And in a more regrettable recurring theme of this season today too the actual on-track stuff had an air of mere side show for the off-track politicking. And in another theme with lingering familiarity it was about money, and how much of those at the back are getting.
Since yesterday the concept has burgeoned of a combination of any or all of the Sauber, Lotus and Force India teams boycotting the race – though as if by magic with none of them letting their fingerprints actually rest on the idea. One can certainly sympathise with their plight – I do more than most. One also can sympathise with their desperation that led them to a least air such a wheeze, however indirectly. But equally it would have been hard to support a move that would serve mainly to penalise the paying punter. F1 as we’re often reminded is a branch of show business. And the number one rule of show business is that the show must go on.
It was fortunate that an entertaining qualifying session with a surprising outcome took our attention away. It was fortunate too that elevated performances of Adrian Sutil and Pastor Maldonado, who’ll start in P9 and P10 tomorrow following Jenson Button’s grid drop, presumably precluded Sauber and Lotus sitting tomorrow out even if the threat had been a go-er. At the timing of writing however – and via whatever route – the boycott is not now happening supposedly. It did though draw attention to the weighty issue, which possibly was the point all along.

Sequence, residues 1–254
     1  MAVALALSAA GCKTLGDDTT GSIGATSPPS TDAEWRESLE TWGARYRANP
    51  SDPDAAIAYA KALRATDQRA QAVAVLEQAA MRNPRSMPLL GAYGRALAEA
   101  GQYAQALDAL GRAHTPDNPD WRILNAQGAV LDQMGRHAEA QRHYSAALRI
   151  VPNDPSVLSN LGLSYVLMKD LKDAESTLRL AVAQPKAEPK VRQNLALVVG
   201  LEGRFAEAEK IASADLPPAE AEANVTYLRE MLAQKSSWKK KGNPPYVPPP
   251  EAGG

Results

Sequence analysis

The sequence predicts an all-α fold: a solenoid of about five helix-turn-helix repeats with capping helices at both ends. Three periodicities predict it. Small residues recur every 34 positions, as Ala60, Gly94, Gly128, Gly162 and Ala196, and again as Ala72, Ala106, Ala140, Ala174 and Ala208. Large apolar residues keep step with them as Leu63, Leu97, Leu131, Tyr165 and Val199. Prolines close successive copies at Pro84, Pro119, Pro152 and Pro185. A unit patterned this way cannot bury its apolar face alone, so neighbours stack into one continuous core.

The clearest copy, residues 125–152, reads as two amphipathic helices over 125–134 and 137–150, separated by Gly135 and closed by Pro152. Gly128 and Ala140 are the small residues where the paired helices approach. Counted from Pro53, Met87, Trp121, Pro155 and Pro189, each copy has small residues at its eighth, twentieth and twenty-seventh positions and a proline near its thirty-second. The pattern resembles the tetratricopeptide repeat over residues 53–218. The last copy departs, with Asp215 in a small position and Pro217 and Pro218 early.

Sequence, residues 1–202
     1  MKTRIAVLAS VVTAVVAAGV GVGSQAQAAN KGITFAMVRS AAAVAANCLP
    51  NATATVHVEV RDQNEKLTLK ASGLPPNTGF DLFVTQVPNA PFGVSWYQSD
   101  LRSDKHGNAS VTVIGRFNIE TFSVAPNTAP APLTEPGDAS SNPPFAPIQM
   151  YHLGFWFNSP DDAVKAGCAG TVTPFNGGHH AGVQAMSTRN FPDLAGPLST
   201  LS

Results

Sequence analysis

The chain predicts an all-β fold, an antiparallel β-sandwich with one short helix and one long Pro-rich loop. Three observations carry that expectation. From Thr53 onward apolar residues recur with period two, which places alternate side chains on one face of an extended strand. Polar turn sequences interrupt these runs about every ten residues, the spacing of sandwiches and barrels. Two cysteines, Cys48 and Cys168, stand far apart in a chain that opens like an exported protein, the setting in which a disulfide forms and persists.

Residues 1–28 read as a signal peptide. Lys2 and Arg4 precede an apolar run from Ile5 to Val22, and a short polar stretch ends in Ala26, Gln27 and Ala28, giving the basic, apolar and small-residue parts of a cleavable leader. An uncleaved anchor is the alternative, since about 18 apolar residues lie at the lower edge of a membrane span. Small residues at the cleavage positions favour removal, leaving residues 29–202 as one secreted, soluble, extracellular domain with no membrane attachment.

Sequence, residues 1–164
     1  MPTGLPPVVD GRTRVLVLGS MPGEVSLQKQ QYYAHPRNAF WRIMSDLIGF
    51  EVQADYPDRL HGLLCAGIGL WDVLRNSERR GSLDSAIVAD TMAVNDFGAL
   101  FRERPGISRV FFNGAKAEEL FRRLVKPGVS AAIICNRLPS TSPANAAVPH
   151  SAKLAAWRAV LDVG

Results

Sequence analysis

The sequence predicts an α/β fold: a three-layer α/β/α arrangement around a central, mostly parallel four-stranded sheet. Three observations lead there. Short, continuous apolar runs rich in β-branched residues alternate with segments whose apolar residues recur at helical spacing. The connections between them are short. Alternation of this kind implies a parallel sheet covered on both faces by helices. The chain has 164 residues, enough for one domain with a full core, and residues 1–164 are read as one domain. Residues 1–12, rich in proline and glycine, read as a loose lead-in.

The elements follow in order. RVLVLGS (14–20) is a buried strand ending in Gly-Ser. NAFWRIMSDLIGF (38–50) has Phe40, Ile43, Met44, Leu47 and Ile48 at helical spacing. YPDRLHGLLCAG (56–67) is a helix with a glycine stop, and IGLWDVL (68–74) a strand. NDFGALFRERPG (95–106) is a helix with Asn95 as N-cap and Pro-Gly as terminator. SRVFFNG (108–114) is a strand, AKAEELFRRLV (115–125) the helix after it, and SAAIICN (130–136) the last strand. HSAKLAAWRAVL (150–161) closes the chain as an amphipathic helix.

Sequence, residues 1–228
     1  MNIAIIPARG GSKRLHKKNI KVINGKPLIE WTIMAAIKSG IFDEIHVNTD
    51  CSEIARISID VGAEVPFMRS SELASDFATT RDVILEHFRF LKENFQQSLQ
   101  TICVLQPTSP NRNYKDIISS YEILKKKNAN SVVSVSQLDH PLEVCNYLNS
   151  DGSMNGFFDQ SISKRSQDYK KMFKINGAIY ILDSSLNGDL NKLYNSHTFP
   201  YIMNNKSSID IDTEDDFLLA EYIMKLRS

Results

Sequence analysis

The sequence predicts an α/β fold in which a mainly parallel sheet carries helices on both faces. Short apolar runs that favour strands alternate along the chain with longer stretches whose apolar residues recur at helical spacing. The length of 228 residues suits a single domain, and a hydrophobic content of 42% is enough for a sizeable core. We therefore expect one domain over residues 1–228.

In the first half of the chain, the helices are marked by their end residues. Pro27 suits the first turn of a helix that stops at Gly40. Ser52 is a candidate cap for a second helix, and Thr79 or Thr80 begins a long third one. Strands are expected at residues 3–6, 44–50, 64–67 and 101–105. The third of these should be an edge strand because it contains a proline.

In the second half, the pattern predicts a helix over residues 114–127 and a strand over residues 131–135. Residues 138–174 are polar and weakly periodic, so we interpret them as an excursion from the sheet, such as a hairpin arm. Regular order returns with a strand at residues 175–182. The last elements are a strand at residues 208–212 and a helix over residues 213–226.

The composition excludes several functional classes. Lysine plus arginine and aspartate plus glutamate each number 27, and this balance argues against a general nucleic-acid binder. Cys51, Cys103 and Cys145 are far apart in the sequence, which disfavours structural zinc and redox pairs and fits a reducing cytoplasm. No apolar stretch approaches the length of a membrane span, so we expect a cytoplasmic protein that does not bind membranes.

Nico meanwhile had other matters in mind when looking ahead to the race: ‘It’s (today) one step in the right direction for sure, (for the race I) need to get in there now, it’s still in my hands and just up to me to do a good job…unfortunately I don’t get any points for qualifying! It’s the race that counts and I’ve got to nail the next three.’ He noted too that the handling of the W05 changes beyond recognition with the Texan wind direction. And that the wind is coming from a direction tomorrow not experienced in the weekend thus far.
As for Nico himself, of course his record of nine poles and just four wins shows where his (relative) problems are this campaign. As he acknowledged, if he had to deliver today then he has to deliver tomorrow too, indeed even more so. Turning the title around more broadly remains – to use that modern parlance – a ‘big ask’. But whatever is the case in Austin today he showed us that the certainties we had are not quite as certain as we had assumed.
Author: Graham Keilloh